The question we're all trying to answer with the recent changes in Amazon's algorithms is whether or not playing the freebook game with Select is still "worth it." What "worth it" means to each author will likely be different. Picking up new readers, simple satisfaction in seeing your book out there in the hands of those new readers -- these are things that can't be measured except by your own internal evaluator. And just like the way Amazon's algorithms work, these are factors that you'll give either more or less weight to depending on your individual goals.
What we can do here is chart the tangible results and make some educated guesses as to what it all means for the expectations we set for future free runs.
Below are the 4-day post-free sales results for the 10 Steel Magnolia Press books we set free last week. You'll recall 4 of the books made it to the Top 50, 7 books got into the Top 100, and 9 into the Top 150.
(Click on the chart to open it larger in a new window.)
In addition to updating the numbers from the 2-day totals, I added some guestimated dollars at the end. In the week leading up to the free run, the Steel Magnolia authors sold 212 books and had 20 borrows total. That works out to about 33 copies sold/borrowed per day. In dollars, that's about $350 total or $50 per day.
That gives us the baseline to work from. To be doing any good from a purely financial standpoint, sales would have to improve over that $50-per-day mark post-free.
From the chart, you can see that in 4 days we've sold 800 books, had 116 books borrowed and had 100 returned. Subtracting the returns, we wind up with an average of 229 books sold/borrowed per day. That equals about $1200 total since the post-free run, or an average of $300 per day in royalties.
Remember, though, we lost 1.5 days in there by going free, so to see what actual gains there have been, we need to subtract the $50 per day we would have normally gotten on the days the books were free from the overall total. We ended our runs early on the second day, but to keep things simple, we'll call it 2 full days or $100.
So, $1200 - $100 = $1100.
Now we divide that $1100 by our 4 post-free days and get a total of $275 per day. And we can see that $275 is 5.5 times the $50 we had been making per day -- or a 550% increase.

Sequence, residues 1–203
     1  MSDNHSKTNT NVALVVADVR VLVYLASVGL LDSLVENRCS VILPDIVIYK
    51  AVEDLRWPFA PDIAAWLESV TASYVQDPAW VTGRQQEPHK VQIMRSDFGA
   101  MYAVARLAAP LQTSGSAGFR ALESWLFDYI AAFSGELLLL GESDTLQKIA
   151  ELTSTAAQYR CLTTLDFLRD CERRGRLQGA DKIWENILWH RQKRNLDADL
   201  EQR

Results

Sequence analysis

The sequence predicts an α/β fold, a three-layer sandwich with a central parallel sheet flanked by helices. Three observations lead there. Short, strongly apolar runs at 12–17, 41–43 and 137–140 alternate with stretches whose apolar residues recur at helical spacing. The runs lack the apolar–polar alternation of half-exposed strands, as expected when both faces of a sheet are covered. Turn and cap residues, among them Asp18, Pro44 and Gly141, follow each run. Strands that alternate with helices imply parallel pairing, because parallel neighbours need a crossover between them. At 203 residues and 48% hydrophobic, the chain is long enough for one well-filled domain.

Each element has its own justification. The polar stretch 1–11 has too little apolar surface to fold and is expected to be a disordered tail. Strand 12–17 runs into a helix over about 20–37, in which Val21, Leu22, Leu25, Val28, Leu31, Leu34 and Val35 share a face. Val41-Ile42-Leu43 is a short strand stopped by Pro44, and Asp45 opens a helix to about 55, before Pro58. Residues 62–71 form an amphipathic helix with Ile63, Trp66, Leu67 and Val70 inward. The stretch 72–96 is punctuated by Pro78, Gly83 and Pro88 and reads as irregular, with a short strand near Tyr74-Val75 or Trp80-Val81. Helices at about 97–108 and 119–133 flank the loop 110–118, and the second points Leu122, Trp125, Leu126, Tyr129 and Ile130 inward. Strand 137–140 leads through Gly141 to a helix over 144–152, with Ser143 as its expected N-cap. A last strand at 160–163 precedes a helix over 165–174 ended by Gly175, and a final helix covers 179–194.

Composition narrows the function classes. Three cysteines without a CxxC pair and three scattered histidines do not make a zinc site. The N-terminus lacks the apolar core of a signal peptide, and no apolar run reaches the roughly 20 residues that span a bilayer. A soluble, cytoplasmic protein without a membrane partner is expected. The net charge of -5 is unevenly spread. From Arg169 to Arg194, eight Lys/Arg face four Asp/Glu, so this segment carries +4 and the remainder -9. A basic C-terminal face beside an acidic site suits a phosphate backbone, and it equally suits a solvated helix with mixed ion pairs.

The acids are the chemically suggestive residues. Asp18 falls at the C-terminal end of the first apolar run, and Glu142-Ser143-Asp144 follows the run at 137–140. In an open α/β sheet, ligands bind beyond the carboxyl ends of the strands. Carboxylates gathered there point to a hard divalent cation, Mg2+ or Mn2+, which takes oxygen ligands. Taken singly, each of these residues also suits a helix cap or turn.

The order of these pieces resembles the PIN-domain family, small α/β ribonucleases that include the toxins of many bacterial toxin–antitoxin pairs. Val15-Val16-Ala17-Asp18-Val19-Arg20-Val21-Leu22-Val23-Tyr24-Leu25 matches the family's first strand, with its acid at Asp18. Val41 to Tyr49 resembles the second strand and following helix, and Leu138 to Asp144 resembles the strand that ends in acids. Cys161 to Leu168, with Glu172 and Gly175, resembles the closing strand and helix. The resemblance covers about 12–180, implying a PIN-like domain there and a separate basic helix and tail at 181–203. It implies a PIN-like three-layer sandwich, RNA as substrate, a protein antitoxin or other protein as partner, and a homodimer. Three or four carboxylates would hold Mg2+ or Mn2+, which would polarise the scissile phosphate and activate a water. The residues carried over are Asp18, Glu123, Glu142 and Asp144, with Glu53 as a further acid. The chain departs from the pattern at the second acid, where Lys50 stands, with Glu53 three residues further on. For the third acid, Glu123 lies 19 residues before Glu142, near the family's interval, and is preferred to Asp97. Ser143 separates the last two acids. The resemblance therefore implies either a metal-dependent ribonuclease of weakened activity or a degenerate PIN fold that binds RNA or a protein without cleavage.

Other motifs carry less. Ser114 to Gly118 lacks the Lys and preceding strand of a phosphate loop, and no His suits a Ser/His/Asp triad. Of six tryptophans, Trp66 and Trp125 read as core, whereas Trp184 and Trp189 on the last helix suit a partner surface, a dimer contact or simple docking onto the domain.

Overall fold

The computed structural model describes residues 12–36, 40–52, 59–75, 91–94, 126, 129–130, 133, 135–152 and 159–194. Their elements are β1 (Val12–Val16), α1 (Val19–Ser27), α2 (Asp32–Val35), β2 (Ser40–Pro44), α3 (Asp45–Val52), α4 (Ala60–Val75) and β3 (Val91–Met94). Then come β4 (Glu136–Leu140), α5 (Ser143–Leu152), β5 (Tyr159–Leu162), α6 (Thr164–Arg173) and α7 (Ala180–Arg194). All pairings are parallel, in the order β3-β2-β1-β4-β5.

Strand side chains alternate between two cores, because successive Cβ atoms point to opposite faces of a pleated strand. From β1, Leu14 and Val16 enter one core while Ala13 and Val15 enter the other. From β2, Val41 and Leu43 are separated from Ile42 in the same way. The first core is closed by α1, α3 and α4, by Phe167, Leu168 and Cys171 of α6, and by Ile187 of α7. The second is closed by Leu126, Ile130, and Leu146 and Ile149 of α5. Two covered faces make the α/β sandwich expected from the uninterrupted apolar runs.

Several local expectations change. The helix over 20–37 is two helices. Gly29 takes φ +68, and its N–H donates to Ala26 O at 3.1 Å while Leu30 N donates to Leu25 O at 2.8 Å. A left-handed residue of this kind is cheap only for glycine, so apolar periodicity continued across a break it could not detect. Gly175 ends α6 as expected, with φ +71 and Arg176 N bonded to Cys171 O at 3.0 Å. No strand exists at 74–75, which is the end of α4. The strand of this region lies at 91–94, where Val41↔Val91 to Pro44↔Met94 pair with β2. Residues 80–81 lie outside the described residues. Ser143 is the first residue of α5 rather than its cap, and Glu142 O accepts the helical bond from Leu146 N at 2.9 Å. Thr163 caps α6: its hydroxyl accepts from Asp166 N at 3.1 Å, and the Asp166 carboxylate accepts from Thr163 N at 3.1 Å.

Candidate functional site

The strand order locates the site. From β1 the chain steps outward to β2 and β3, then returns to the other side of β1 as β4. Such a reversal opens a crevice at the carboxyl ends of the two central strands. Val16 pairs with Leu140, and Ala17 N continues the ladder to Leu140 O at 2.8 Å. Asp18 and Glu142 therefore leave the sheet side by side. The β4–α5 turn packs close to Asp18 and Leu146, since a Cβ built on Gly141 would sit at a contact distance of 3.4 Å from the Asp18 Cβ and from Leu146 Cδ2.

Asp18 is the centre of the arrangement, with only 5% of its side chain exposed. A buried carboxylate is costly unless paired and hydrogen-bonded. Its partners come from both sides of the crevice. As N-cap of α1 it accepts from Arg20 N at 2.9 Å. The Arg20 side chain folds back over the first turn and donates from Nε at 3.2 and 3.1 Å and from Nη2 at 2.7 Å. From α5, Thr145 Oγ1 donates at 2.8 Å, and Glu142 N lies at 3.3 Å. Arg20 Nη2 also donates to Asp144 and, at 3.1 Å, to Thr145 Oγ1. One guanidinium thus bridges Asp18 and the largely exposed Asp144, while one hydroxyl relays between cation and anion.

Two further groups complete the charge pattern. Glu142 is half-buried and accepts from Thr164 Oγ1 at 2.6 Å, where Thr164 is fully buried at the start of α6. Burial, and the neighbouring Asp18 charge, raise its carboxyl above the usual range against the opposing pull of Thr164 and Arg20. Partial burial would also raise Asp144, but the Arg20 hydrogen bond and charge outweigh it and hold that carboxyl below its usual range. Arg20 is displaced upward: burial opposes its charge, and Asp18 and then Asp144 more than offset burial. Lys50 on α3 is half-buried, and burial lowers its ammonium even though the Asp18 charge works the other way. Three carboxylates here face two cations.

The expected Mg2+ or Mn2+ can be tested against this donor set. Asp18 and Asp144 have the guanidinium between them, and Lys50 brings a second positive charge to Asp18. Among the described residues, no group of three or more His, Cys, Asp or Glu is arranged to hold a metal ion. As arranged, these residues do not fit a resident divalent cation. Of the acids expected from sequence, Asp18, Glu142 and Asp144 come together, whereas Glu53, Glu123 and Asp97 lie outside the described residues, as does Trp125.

A slam-dunk success, right?
Ah, but here's where we have to filter the results through two sets of eyes: publisher eyes and author eyes.
For Steel Magnolia Press, it's clear that using free as a revenue-generating tool can still work. Maybe not to the extent it was working in the past, but given the right promoting and a lot of luck, the post-free sales bounce is lucrative enough to repeat. At least based on these charted results.
But what about for the individual books? Using the same formula as above, let's look at how daily averages post-free compare to those pre-free.
SECTOR C - 372% increase
Warlock's Daughter - 4700%
The Rent-A-Groom - 800%
Out of the Dark - 3900%
A Dragon's Seduction - 400%
Catering to the Italian Playboy - 1200%
Extinct Anthology - 350%
Gypsy Bond - 300%
Vet Tech Tales - (90%)
Pretty wide ranges there, varying from 0.9 times as many sales to 47 times.
Of particular interest is Vet Tech Tales. It's on 4 Bestseller lists and in the Top 100 of 6 Pop lists. It had a healthy average of about 9 sales per day going into free. 1500 copies were given away and it ended its free run at #145. All signs that should point to a moderate post-free sales bounce. Instead, in the past 2 days its sales have come to a halt and its rank is poorer than it's been in weeks. Already it has a lower sales-per-day ratio than when it started -- all-in-all, a discouraging performance despite a nice increase in visibility.
I've heard anecdotal evidence from others who've noted this same phenomenon. This book has been on 5 free runs, and even on the couple of runs where it didn't get mentions on the major sites and had only 400 or 500 downloads, it was back to selling a pretty consistent 7-10 copies per day. This is the first experience this book -- or I -- have had with sales falling so completely off a cliff so quickly. I don't have an immediate answer as to why. I'm open to any thoughts you may have and, of course, I'll be looking for an answer too.
If that were the only book I had in Select, I would very disappointed in the result of the promotion, despite the overall success for the publisher. Something to keep in mind when you're listening to stories about various authors' successes or failures with Select free runs. Folk who do really well or really poorly are likely to be most vocal about their results.
So is there any data to help us determine just how different the results are now than they were in the Gold and Silver Ages of Select? If you ran a Select free promo back in February, what can you reasonably hope your May campaign will look like in comparison?
I happen to have data from comparable runs that will help answer just that question that I'll share with you on Friday.
Tomorrow, we'll look at whether readers really are getting tired of free books -- or is it the authors who are tired of giving them out instead?